A first embodiment of the present invention will now be described with reference to Figs. 1-3.

A steel work tool, such as a debarking tool 1, a bore crown or a saw tooth, wears out fast in an industrial environment due to a large amount of use. By applying a wearing piece 2 of a harder material than steel on the parts of the work tool 1 that are subject to wear a more durable work tool is obtained. Hard metal and materials having similar properties, such as materials sold under the trademark Stellite, are materials that are harder than steel and are regularly used as wearing materials. Hard metal, contrary to Stellite, comprises above all wolfram carbide (WC) to obtain its hardness.

Preferably, the wearing material comprises at least of 50% wolfram carbide, more preferably at least 80% wolfram carbide and most preferably at least 95% wolfram carbide. However, Stellite or other materials having similar properties may alternatively be used with a slightly less wearing resistance compared to hard metal.

By welding a weld joint 3 at a contact surface between the wearing piece 2 and the work tool 1 , where the welding wire is based on nickel (Ni), the wearing piece 2 is securely fastened to the work tool 1. It is due to the choice of welding wire material that it is possible to weld a hard metal to steel.

The welding wire consists of at least 95% nickel, preferably at least 99% nickel and more preferably at least 99.4% nickel.

Due to the manufacturing process of the welding wire trace elements may unintentionally be added to thereto. The welding wire may contain trace elements such as: chrome (Cr), cobalt (Co), manganese (Mn), iron (Fe), phosphorous (P), silicon (Si), carbon (C), copper (Cu), sulfur (S) and titanium (Ti) .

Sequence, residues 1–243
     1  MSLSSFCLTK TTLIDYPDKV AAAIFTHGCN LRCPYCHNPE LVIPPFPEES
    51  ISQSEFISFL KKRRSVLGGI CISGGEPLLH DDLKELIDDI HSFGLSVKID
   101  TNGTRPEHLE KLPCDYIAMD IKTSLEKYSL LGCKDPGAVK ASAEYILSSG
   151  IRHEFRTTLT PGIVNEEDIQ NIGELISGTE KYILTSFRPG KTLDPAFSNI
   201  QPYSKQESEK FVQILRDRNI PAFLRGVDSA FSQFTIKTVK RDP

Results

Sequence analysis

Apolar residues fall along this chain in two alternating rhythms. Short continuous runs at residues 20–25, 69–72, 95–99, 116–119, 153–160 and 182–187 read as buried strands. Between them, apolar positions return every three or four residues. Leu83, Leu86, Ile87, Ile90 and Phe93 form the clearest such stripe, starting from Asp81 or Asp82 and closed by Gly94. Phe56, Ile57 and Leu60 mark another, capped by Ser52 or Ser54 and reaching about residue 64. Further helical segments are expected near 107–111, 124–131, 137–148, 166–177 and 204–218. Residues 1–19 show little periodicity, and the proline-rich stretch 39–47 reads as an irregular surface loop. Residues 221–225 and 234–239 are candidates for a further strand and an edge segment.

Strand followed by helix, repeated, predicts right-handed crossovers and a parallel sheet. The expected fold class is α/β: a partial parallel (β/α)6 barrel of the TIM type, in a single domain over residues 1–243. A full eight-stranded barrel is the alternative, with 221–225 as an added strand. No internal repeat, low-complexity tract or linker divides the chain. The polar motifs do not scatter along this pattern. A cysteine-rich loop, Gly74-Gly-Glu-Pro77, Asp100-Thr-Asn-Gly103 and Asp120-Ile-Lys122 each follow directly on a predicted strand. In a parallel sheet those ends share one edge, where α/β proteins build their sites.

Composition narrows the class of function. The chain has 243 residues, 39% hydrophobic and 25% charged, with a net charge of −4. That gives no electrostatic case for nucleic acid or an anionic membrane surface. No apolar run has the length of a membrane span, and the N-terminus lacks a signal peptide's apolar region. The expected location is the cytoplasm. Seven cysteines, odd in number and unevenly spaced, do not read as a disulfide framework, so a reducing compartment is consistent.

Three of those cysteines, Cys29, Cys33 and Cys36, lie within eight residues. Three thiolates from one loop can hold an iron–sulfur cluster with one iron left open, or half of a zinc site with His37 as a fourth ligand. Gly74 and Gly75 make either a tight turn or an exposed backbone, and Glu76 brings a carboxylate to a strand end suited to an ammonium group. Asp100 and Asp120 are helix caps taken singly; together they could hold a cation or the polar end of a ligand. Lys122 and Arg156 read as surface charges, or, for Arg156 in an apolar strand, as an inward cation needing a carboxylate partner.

Cobalt may further be added to the welding wire as an additive. With a content of 0.05-0.3% cobalt, preferably 0.1-0.2% cobalt and more preferably about 0.12% cobalt in the welding wire an improved joint is obtained.

Also manganese may be added to the welding wire as an additive. With a content of 0.05-0.3% manganese, preferably 0.1-0.2% manganese and more preferably about 0.14% manganese in the welding wire an improved joint is obtained.

By providing the above-described additives of both cobalt and manganese a further improved joint is achieved. The traditional way of using iron as an additive in the welding wire is not necessary as when welding a joint between a wearing piece of a non hard metal and a work piece.

Yet a further additive that may be useful is copper. With a contents of 0.05-2% copper, preferably 0.1-1% copper and more preferably about 0.5% copper in the welding wire a lower melting point of the joint is obtained. Further, the cooling period is extended, obtaining a reduced tension, with such an additive.

The hard metal wearing piece 2 welded to the steel work piece 1 may now easily be grinded to provide a sharp wearing piece 2' for e.g. debarking, drilling or sawing.

A second embodiment of the present invention will next be described with reference to Figs. 4 and 5.